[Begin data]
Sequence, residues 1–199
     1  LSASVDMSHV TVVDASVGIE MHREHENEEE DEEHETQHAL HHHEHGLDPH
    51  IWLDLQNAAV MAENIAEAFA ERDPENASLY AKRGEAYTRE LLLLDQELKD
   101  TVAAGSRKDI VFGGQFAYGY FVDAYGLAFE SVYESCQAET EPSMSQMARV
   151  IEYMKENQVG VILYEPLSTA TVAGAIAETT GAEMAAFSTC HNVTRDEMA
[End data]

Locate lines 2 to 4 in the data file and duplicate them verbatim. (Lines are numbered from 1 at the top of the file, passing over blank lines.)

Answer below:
     1  LSASVDMSHV TVVDASVGIE MHREHENEEE DEEHETQHAL HHHEHGLDPH
    51  IWLDLQNAAV MAENIAEAFA ERDPENASLY AKRGEAYTRE LLLLDQELKD
   101  TVAAGSRKDI VFGGQFAYGY FVDAYGLAFE SVYESCQAET EPSMSQMARV